Skip to main content Skip to main navigation
Skip to accessibility page Skip to search input

QUARTER LIFE: Tax return - run, don't walk...

03:47pm October 19 2017

Individuals are running out of time to lodge tax returns by October 31. (Getty Images – a scene from US television show, Brooklyn Nine Nine)

I’m going to throw around some words:

AUDIT

REVIEW

PENALTY

PAUL KEATING

These words are all meant to instil fear and hustle into you. If Paul – the father of revered wonders like our more than $2 trillion super system – didn’t do his taxes and got caught, you could too.

Yes, it’s tax time. Not the June 30-time, the potentially even more painful time.

Because many of us love that much-needed refund that serves as the fruit of our lodgement labour, I’m here to remind you to lodge your tax return on time (October 31 people. SAVE THE DATE. Set an iCal reminder. Get your mum to hassle you – she will most willingly oblige, I promise) and some of the very serious ramifications that come with…missing the deadline.

This time of year should not be a surprise to you. It comes around every year. However, if for some reason – too busy, overseas, your dog ate your receipts, you were three seasons deep into Game of Thrones and just couldn’t cope post the “Red Wedding” – you haven’t got around to it and fail to by the end of October, our good friends, the Australian Taxation Office, can apply a number of penalties, namely to your bank account.

Let me talk you through how this may play out.

Firstly, the ATO will probably reach out and remind that your tax return has not been lodged by October 31. If nothing changes, you may be issued a Failure To Lodge (FTL) penalty in the mail. If you’re a millennial like me and your address is still your childhood home despite you having moved out five years ago, your mum will probably open it.

Then, you’ll get a series of missed calls from your mum, and when you eventually pick up, you’ll be forced into a very uncomfortable conversation about how you’re an adult now etc etc.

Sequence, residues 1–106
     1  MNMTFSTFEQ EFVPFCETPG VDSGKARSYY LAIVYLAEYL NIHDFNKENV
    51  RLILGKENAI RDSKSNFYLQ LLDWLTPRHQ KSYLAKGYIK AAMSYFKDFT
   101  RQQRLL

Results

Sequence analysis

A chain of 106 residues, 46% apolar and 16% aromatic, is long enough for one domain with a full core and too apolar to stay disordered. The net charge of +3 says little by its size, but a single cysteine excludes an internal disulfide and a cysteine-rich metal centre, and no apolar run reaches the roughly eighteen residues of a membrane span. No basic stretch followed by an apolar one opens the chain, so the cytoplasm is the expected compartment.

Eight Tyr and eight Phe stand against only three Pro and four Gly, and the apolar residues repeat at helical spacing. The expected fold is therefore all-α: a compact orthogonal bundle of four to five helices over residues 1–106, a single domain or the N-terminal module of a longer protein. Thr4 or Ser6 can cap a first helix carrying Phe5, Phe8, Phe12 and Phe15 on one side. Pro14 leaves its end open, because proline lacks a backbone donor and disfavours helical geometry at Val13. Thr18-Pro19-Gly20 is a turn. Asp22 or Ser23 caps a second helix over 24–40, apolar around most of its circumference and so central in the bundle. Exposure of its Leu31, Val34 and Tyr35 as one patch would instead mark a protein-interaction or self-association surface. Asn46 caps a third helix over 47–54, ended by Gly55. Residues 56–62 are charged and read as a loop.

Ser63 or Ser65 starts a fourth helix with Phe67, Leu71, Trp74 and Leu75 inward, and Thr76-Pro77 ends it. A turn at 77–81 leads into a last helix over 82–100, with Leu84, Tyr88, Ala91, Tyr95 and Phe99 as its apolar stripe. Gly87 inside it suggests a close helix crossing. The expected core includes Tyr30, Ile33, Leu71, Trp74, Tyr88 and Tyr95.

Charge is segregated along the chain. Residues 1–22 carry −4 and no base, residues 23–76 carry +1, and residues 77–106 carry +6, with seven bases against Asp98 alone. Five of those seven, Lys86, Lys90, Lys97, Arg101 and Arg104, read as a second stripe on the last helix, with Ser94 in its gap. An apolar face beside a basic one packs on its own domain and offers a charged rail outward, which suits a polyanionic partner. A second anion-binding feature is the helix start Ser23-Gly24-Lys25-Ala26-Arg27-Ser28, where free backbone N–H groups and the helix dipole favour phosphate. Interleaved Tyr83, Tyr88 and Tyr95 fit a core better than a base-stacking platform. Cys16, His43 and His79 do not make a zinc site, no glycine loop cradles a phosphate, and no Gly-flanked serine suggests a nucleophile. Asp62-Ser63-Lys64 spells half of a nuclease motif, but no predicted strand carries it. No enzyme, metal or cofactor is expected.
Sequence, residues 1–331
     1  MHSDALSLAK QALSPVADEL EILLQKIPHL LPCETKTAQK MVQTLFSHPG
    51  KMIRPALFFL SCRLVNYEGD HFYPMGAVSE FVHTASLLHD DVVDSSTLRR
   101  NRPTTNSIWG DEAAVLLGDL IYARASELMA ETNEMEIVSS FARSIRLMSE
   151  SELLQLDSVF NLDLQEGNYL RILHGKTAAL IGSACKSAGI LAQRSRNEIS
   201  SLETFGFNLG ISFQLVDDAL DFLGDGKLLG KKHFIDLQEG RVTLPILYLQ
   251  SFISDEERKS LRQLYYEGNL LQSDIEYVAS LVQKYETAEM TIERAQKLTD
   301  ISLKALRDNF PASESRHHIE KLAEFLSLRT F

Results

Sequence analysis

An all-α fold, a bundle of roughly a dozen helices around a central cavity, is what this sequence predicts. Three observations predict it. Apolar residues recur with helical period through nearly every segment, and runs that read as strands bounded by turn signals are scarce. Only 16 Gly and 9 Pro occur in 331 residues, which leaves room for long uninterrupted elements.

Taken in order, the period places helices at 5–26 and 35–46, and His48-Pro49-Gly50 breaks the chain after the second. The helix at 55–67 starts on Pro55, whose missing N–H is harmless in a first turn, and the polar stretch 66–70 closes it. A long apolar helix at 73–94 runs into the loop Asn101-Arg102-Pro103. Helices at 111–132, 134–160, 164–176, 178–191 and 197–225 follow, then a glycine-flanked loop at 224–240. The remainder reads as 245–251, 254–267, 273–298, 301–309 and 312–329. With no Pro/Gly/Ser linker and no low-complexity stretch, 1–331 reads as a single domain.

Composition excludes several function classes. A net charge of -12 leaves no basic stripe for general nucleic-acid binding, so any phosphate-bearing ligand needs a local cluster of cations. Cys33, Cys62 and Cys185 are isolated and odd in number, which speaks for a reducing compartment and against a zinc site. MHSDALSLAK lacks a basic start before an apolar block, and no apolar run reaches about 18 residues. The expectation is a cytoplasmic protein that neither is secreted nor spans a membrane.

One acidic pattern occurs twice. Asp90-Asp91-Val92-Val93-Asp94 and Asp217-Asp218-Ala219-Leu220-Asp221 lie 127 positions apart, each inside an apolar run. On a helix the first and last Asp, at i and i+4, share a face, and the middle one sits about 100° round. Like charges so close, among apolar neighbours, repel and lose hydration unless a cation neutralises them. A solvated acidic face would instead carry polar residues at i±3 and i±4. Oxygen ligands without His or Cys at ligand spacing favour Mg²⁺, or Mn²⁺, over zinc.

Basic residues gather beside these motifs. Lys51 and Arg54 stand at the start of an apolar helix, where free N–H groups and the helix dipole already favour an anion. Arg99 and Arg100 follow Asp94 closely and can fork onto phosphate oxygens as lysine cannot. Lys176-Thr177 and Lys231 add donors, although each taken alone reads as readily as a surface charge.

For individuals, the fine you’ll receive is calculated on penalty units of 28 days and part thereof that your document is overdue. Currently, the penalty unit value is $210 and the max you can be fined is $1050.

Oh, and add interest and penalties that will be charged on the amount of any outstanding tax you may also owe.

That’s the minimum folks. If you’re found to be outright avoiding tax, a whole new range of penalties can apply, both financial and legal, and you’ll probably have to move back home.

Unlike some things, I will never, ever, ever pretend to know what I’m talking about when it comes to complex money stuff. But even I know that doing your tax within four months of June 30 is a simple way to avoid that clammy feeling many of us know too well.

You can do it online, or visit an accountant or tax agent as they generally have extended timeframes for lodgement. So set aside some time, make an appointment, today.

Oh, and don’t try and pass off dubious deductions: ATO boss Chris Jordan is watching, trying to snare back some of the more than $22 billion claimed for work-related expenses in 2014–15. He reckons the amount over claimed in that year alone could have been more than $2.5bn. And that’s just deductions for work-related expenses.

You’ve been warned.

Sach has previously worked in the Fast Moving Consumer Goods Public Relations industry, gaining extensive experience in consumer branding, experiential campaigns and event management. Since moving into Corporate Affairs in the financial services sector, she has worked across employee and internal communications for the Consumer Bank. As Social & Distribution Engagement Manager, Sach's role involves ensuring the promotion and integration of content created for the Westpac Group digital communications platform across internal and external social platforms. Raised on a diet of naan bread and afternoon swims, she is shorter in person, rocks at reverse parallel parking and knows a good filter when she sees one.

Browse topics